A businessman convicted over the death of a worker at a Norfolk skip hire firm near Attleborough has been jailed.
Robert Baldwin, managing director of Baldwin Skip Hire, was convicted of health and safety offences following a six-day trial in March over the death of James Criddle in 2017.
Mr Criddle was operating a screening machine at the Besthorpe-based business when his clothing became trapped in exposed moving parts, causing him to suffocate.
The court heard the screening machine, used to separate waste material of different sizes, had been purchased second hand and arrived on site with no operating manual or similar documents on how to use the machine safely.
Baldwin had been charged with manslaughter, which he denied and was acquitted of by a jury. He was found guilty of neglect in failing to discharge a duty under the Health and Safety Act.
The company, Baldwin Skip Hire, had previously pleaded guilty to a charge under the Health and Safety at Work Act 1974 for failing to discharge general health, safety and welfare.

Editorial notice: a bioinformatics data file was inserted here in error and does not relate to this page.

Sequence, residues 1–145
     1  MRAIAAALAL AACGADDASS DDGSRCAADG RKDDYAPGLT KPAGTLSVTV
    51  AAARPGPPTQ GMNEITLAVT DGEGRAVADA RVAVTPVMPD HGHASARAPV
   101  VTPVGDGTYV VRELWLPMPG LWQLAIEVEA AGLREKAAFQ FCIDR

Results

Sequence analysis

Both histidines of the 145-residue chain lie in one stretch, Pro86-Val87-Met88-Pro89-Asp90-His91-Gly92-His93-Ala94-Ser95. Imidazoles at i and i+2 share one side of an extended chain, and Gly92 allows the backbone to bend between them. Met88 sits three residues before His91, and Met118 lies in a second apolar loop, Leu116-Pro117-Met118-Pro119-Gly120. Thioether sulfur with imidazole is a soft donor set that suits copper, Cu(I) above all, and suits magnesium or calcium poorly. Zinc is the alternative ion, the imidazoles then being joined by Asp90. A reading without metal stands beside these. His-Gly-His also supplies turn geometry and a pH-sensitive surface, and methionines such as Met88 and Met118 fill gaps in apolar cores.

Appearing at Norwich Crown Court today Baldwin, of Silver Street, Besthorpe, was jailed for12 months and the company Baldwin Skip Hire was fined £75,000.
Detectives from the Norfolk and Suffolk Major Investigation Team launched an enquiry, working alongside the Health and Safety Executive, resulting in charges being brought against the company and managing director.
"I cannot over emphasise the importance of having the appropriate safe systems of work in place and that machinery is safe to use. In this case, the machine used was purchased by Baldwin and put into use in an unsafe condition including missing guards resulting in the tragic consequences we have seen. This has been devastating for the family and friends of James and my thoughts continue to be with them in what has been such a difficult time.”
In a statement, James’ family described him as "was one of life’s decent people."
They said: "He was kind, caring, loving and would help anyone. He was a son to Naomi, loving partner to Holly, brother to Alan and father to his daughter Lexi.
"On the 15th May 2017 his life was brought to a premature, shocking and sudden end – and that is so unfair. It was a death that shouldn’t have happened and could so easily have been prevented.
"We hope lessons will be learned to ensure such a terrible tragedy never happens again. Jimmy will be desperately missed by all his family and friends. No sentence today can bring him back. For almost two years, our lives and grief have been on hold. We will never come to terms with our devastating loss and sitting through the recent trial has re-opened old wounds. We would please ask again that we are left in peace to grieve and, if possible, attempt to get back to some sort of normality.”